Better than Jayhawking, amiright? Go 'cats!
acerplatanoides — 2014-04-29T19:33:01-04:00 — #15
acerplatanoides — 2014-04-29T19:34:51-04:00 — #16
So was it a request, or an order, that she ignored?
namenotreserved — 2014-04-29T19:48:34-04:00 — #17
I've always thought parking ticket funds should go towards public transit.
namenotreserved — 2014-04-29T19:50:59-04:00 — #18
Yeah, it looks like you are. She was wearing headphones and they approached from behind. She was jogging, and thus not carrying ID.
afspdx — 2014-04-29T19:51:15-04:00 — #19
Strict jaywalking enforcement allows cops to be "on the beat" without ever having to answer calls or do police work that might be...like.. dangerous. Found that out after I got a jay-walking ticket in just south of Downtown Los Angeles (a few blocks from USC) from one of Los Angeles Finest a couple of years after the riots.
sdmikev — 2014-04-29T19:51:53-04:00 — #20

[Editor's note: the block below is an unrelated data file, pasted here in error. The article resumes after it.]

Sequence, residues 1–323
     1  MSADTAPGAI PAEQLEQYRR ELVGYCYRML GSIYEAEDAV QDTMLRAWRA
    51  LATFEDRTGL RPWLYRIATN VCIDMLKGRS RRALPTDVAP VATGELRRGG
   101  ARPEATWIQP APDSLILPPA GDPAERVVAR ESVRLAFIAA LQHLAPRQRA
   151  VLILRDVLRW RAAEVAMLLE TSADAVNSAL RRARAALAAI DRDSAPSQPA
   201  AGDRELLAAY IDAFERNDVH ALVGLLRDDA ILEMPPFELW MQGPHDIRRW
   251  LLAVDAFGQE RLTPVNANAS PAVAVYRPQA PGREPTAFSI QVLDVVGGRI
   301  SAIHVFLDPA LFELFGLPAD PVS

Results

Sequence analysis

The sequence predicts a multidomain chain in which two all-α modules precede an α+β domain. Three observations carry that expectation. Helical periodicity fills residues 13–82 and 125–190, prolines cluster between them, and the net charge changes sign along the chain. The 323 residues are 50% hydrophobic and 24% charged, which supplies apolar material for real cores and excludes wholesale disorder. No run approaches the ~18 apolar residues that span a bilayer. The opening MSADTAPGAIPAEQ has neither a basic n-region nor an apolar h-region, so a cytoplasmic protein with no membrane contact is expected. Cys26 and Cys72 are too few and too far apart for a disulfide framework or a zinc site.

It's like the PD in every city in america has turned into the Alex Karras character from Porky's.
Anyone that wants to really be depressed about the justice system, read Matt Taibbi's new book. Jesus H Christ, it's disturbing.
rindan — 2014-04-29T20:04:16-04:00 — #21
I'm not against jaywalking tickets IF that person is crossing in an asshole manner. Dart out in front of a bunch of cars and cause people to slam their breaks? Awesome, give them an asshole ticket. Using it as a revenue stream and/or blindly enforcing it when there is no reason to (i.e. no fucking cars are coming) on the other hand is just another example of the American justice system, and cops in particular, brutalizing the citizenry.
There are places in this country that I am loathed to go because the cops gather involuntary bribes, I mean "tickets" compulsively. I occasionally have to drive through upstate New York with a Massachusetts license. It is a miserable experience. If are driving down a winding road in the middle of nowhere and the speed limit changes from 55 to 30. You slow down, and a cop pulls you over as you are slowing for doing 37 in a 30 in a place with no fucking people. It isn't any different from having a bandit set up a toll and just collect $100 from anyone who didn't see the road block in time to turn around.
It is hilarious that cops sometimes profess confusion as to why people loath cops.